What other drugs will affect Minisec?
Sometimes it is not safe to use certain medications at the same time. Some drugs can affect your blood levels of other drugs you take, which may increase side effects or make the medications less effective.
Tell your doctor about all your current medicines. Many drugs can interact Minisec, especially:
This list is not complete and many other drugs may affect Minisec. This includes prescription and over-the-counter medicines, vitamins, and herbal products. Not all possible drug interactions are listed here.
Systemic effects of Minisec in the CNS, cardiovascular and respiratory systems have not been found to date. Minisec, given in oral doses of 30 or 40 mg for 2 to 4 weeks, had no effect on thyroid function, carbohydrate metabolism, or circulating levels of parathyroid hormone, cortisol, estradiol, testosterone, prolactin, cholecystokinin or secretin.
No effect on gastric emptying of the solid and liquid components of a test meal was demonstrated after a single dose of Minisec 90 mg. In healthy subjects, a single I.V. dose of Minisec (0.35 mg/kg) had no effect on intrinsic factor secretion. No systematic dose-dependent effect has been observed on basal or stimulated pepsin output in humans.
However, when intragastric pH is maintained at 4.0 or above, basal pepsin output is low, and pepsin activity is decreased.
As do other agents that elevate intragastric pH, Minisec administered for 14 days in healthy subjects produced a significant increase in the intragastric concentrations of viable bacteria. The pattern of the bacterial species was unchanged from that commonly found in saliva. All changes resolved within three days of stopping treatment.
The course of Barrett's esophagus in 106 patients was evaluated in a U.S. double-blind controlled study of PRILOSEC 40 mg twice daily for 12 months followed by 20 mg twice daily for 12 months or ranitidine 300 mg twice daily for 24 months. No clinically significant impact on Barrett's mucosa by antisecretory therapy was observed. Although neosquamous epithelium developed during antisecretory therapy, complete elimination of Barrett's mucosa was not achieved. No significant difference was observed between treatment groups in development of dysplasia in Barrett's mucosa and no patient developed esophageal carcinoma during treatment. No significant differences between treatment groups were observed in development of ECL cell hyperplasia, corpus atrophic gastritis, corpus intestinal metaplasia, or colon polyps exceeding 3 mm in diameter.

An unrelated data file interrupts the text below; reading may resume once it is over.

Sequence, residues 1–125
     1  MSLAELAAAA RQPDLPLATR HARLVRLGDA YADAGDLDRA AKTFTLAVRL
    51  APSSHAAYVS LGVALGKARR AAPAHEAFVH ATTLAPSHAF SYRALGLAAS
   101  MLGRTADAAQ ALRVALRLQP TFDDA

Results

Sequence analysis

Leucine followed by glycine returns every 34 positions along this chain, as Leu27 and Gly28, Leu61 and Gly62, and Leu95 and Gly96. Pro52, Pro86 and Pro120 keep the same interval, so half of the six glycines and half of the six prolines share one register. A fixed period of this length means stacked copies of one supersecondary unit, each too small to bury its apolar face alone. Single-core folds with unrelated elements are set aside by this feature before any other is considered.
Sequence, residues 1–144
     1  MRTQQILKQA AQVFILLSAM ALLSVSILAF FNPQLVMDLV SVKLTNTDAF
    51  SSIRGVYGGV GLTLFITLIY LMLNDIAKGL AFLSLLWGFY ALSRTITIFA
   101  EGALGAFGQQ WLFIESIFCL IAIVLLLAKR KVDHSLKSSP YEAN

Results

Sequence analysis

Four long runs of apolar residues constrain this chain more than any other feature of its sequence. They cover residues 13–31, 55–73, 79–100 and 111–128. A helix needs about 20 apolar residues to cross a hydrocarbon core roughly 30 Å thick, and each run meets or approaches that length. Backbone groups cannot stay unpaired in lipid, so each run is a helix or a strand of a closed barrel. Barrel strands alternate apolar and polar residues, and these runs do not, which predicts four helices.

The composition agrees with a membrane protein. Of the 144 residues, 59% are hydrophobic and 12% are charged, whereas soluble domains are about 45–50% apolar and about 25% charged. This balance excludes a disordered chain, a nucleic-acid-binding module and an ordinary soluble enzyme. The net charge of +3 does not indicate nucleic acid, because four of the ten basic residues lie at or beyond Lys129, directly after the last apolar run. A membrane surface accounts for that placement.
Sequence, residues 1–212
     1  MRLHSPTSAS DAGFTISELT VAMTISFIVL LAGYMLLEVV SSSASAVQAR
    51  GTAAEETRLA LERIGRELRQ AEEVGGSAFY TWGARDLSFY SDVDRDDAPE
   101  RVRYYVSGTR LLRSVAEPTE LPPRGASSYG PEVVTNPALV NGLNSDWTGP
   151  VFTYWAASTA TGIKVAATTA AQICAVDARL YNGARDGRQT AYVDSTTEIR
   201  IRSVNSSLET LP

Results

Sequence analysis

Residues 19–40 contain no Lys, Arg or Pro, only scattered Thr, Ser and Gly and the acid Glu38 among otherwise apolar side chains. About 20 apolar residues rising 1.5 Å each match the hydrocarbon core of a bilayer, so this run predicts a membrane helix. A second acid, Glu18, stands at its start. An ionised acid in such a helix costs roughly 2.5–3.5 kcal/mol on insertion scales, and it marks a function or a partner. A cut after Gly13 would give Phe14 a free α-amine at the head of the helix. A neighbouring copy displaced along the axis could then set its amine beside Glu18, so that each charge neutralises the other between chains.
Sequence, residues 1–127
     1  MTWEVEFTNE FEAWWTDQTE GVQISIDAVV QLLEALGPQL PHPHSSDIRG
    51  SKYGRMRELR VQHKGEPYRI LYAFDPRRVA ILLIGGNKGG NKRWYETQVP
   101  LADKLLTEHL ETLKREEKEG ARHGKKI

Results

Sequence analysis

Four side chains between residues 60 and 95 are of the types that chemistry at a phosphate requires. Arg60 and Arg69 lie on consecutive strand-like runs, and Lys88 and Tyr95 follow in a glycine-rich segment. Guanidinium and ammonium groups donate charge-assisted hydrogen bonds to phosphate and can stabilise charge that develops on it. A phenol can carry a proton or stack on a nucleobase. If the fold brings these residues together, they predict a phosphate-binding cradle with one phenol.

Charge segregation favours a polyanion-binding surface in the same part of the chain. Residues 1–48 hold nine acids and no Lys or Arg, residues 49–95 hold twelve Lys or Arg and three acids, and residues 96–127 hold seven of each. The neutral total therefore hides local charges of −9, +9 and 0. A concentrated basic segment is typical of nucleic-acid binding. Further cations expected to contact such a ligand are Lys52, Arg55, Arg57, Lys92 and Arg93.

Greek yogurt and cilantro
As a dairy product, yogurt is a natural source of glutamine. This substance helps naturally reduce stomach acids. And, it can serve as one of many Minisec alternatives.
How it works
Minisec belongs to a class of drugs called proton pump inhibitors (PPIs). A class of drugs is a group of medications that work in a similar way. These drugs are often used to treat similar conditions.
Minisec works by decreasing the amount of acid your stomach produces. It does this by blocking a system in the cells of your stomach called the proton pump. The proton pump works in the final step of acid production. When the proton pump is blocked, your stomach makes less acid. This can help decrease your symptoms.
Minisec oral capsule doesn’t cause drowsiness. However, it can cause other side effects.